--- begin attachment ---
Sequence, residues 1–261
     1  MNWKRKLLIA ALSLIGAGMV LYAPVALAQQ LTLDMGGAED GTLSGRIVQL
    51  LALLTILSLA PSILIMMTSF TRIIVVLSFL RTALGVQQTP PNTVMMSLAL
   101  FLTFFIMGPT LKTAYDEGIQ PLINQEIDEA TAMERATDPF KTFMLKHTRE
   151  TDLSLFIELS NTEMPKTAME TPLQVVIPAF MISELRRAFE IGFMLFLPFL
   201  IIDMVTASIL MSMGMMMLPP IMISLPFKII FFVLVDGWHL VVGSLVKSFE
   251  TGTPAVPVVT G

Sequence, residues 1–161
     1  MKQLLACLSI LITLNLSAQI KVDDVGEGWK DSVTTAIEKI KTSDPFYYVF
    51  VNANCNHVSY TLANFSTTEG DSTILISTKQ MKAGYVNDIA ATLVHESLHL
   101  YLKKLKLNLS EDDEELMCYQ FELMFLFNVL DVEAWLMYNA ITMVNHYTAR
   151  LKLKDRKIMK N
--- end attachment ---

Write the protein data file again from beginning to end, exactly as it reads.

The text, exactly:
Sequence, residues 1–261
     1  MNWKRKLLIA ALSLIGAGMV LYAPVALAQQ LTLDMGGAED GTLSGRIVQL
    51  LALLTILSLA PSILIMMTSF TRIIVVLSFL RTALGVQQTP PNTVMMSLAL
   101  FLTFFIMGPT LKTAYDEGIQ PLINQEIDEA TAMERATDPF KTFMLKHTRE
   151  TDLSLFIELS NTEMPKTAME TPLQVVIPAF MISELRRAFE IGFMLFLPFL
   201  IIDMVTASIL MSMGMMMLPP IMISLPFKII FFVLVDGWHL VVGSLVKSFE
   251  TGTPAVPVVT G

Sequence, residues 1–161
     1  MKQLLACLSI LITLNLSAQI KVDDVGEGWK DSVTTAIEKI KTSDPFYYVF
    51  VNANCNHVSY TLANFSTTEG DSTILISTKQ MKAGYVNDIA ATLVHESLHL
   101  YLKKLKLNLS EDDEELMCYQ FELMFLFNVL DVEAWLMYNA ITMVNHYTAR
   151  LKLKDRKIMK N